Iowa courts have repeatedly and accurately cast the right to vote as fundamental.
State residents were reminded of this last week when the Polk County District Court temporarily barred the state from implementing portions of a new voting law.
The provisions in question — limiting access to early voting, placing new requirements on early voting, educating Iowans and county auditors about requirements, and providing discretionary disenfranchisement authority to unqualified county officials — either directly, or through improper administrative rules, placed an undue burden on Iowans attempting to access a fundamental right.
The court also determined the way in which changes were being rolled out by the Iowa secretary of state were contrary to the law, creating more confusion among potential voters and election officials.
Yet even a court order did not prevent the Secretary of State’s Office from continuing such disinformation.
A state deputy commissioner of elections told county election officials to disregard the injunction. When county auditors, including Joel Miller of Linn County, questioned the legality of violating a court order, Secretary of State Paul Pate said his election official did not know the injunction was in place, although the decision had been handed down two days earlier.
Now the Iowa Attorney General’s Office, acting on behalf of the secretary of state, is asking the Iowa Supreme Court to set aside the injunction and allow new rules to be implemented.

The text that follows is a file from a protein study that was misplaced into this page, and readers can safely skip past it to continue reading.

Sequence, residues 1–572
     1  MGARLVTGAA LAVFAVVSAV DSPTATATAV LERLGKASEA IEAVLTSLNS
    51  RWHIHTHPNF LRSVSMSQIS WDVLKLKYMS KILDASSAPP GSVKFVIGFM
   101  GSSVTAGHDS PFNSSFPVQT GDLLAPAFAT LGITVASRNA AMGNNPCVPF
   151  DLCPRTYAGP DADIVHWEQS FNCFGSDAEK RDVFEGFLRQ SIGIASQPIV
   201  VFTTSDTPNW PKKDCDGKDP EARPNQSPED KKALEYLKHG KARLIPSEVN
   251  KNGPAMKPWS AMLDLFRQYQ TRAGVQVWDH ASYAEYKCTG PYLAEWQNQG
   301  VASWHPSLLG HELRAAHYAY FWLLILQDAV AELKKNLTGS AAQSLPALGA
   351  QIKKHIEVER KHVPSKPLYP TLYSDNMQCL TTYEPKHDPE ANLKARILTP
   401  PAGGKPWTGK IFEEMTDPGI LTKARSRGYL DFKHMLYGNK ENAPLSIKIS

Justices should resist.
Under changes being made by Pate and supported by the Republican majority in the Iowa Legislature, there was no due process for Iowans denied their fundamental right to vote.
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The District Court found the state “has not even attempted to explain” how these changes “will ensure fairness or preserve the integrity of elections.”
The 2018 midterm elections are looming. Iowans must have clear laws carefully crafted to preserve their voting rights, not unnecessary confusion or doubt about the balloting process.
Pate, a candidate on the November ballot, has instead chosen to attack the court in a campaign fundraising appeal.
As the case advances, justices will be able to further weigh the merits of the voting law. Without the injunction, there is no such recourse for disenfranchised voters.
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